Unintended Childbearing and Family Welfare in Rural Malawi

Last updated December 2008

In Malawi, women on average bear about 6 children. One quarter to a third of these children are unwanted or occur sooner than desired and could thus be prevented by greater uptake of effective contraception. The key aim of this research is to assess the impact of unwanted births on family welfare. Family welfare is represented by the physical growth of children and by retention in school. In a very poor country such as Malawi, the adverse effect on family economics of an extra mouth to feed and child to rear is likely to be expressed by inadequate nutrition of children leading to slower growth and school drop-out of teenage children.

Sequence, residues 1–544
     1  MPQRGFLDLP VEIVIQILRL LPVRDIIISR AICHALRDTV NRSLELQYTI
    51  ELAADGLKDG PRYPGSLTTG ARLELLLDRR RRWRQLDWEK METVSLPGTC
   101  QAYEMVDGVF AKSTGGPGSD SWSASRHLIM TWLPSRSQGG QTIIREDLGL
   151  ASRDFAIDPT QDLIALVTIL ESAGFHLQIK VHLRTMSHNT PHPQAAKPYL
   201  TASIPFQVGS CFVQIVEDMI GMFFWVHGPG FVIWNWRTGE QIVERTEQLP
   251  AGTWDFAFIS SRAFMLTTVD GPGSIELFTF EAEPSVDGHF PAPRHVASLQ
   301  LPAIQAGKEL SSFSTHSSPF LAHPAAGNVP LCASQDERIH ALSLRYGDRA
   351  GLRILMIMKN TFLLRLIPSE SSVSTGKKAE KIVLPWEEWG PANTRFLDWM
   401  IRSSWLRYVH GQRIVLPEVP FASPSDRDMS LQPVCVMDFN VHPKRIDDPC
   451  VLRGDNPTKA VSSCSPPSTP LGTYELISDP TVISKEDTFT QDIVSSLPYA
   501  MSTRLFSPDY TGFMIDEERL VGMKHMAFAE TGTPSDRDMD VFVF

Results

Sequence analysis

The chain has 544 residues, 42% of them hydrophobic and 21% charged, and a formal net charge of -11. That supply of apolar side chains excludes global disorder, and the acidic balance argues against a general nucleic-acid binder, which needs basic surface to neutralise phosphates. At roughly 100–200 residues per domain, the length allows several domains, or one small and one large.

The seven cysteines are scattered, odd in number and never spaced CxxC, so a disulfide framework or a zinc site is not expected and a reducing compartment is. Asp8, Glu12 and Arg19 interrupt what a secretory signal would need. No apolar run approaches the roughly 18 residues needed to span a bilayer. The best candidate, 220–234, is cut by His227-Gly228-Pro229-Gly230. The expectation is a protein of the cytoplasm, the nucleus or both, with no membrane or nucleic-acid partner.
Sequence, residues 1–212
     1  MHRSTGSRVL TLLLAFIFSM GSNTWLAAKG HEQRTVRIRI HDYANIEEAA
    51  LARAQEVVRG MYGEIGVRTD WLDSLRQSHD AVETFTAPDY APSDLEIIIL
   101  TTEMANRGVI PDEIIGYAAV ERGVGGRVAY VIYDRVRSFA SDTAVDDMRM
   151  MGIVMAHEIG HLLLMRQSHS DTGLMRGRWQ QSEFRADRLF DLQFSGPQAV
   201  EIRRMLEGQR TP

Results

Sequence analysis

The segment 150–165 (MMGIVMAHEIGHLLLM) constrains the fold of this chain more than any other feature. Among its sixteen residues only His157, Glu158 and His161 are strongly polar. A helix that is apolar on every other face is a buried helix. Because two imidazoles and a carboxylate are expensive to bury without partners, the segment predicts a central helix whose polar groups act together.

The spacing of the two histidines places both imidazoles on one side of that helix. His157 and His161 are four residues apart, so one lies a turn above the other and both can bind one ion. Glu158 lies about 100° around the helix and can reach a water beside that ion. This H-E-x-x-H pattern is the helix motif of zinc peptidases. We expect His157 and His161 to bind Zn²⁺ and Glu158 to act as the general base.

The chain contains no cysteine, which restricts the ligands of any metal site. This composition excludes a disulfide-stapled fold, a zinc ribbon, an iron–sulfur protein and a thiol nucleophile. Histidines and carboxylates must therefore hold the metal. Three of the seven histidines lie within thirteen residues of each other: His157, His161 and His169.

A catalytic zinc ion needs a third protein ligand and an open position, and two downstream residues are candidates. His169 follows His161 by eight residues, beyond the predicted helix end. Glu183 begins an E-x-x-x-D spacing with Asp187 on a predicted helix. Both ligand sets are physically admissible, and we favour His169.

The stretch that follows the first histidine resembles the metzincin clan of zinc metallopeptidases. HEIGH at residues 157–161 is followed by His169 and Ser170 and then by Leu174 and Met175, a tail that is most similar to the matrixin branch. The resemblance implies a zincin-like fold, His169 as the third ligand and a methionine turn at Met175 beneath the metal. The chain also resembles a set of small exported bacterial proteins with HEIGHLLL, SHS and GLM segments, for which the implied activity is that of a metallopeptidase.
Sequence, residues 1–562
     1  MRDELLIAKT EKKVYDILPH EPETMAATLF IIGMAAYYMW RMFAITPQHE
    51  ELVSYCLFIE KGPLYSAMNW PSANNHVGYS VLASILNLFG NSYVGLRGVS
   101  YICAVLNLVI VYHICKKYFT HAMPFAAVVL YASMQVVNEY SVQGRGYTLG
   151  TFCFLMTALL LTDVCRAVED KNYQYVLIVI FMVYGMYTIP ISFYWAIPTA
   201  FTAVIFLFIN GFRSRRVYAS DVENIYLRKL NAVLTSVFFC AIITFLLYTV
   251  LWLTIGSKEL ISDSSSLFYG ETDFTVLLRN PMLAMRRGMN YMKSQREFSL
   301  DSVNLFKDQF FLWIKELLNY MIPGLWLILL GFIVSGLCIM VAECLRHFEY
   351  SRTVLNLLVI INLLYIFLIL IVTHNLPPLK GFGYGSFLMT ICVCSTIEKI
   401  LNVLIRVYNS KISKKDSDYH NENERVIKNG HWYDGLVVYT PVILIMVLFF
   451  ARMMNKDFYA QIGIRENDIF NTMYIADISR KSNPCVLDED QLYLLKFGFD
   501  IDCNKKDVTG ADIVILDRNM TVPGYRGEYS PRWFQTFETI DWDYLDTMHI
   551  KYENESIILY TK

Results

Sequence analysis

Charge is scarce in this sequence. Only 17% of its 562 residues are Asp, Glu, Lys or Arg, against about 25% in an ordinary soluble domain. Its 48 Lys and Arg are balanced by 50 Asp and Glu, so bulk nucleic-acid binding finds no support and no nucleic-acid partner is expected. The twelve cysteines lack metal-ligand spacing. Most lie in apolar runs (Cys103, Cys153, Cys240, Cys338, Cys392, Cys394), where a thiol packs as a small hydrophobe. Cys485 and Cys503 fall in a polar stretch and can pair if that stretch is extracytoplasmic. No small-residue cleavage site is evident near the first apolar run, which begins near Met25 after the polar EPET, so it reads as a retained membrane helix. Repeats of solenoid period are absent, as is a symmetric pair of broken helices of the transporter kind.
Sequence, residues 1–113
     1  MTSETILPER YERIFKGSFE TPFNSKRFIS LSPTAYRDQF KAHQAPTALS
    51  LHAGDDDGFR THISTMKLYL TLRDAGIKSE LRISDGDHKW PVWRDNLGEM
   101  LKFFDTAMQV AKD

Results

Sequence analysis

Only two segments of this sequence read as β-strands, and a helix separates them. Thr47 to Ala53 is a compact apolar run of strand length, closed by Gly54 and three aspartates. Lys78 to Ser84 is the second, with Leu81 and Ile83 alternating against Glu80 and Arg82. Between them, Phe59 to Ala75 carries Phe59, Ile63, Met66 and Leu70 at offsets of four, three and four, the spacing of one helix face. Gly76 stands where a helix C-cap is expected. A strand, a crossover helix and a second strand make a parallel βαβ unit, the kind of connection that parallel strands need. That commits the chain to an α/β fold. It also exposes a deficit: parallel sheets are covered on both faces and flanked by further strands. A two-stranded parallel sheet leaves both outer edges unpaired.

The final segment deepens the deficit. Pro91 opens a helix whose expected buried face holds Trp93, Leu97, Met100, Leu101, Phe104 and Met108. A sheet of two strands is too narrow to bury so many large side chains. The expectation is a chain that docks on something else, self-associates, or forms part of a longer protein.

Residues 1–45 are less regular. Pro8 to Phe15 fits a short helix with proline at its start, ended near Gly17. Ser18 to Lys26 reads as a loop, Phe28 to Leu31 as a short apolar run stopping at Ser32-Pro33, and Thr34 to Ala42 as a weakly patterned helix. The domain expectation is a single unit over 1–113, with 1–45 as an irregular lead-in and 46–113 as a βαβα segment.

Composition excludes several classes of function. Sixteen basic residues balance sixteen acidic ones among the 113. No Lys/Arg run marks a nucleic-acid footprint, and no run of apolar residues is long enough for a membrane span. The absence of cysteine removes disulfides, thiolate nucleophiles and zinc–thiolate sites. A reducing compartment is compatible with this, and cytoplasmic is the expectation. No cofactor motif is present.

This research will inform the debate by conducting a study linked to an on-going Demographic Surveillance Site (DSS) in Karonga District in Northern Malawi. Malawi is one of the poorest countries in the world; it is a high fertility country, with only 26.3 percent of women using any method of contraception. The DSS data of Karonga district provide the ideal setting to study the relationship between family planning and fertility and investment in children’s schooling and nutrition.

Contact Information:
Angela Baschieri, Angela.Baschieri@lshtm.ac.uk, London School of Hygiene and Tropical Medicine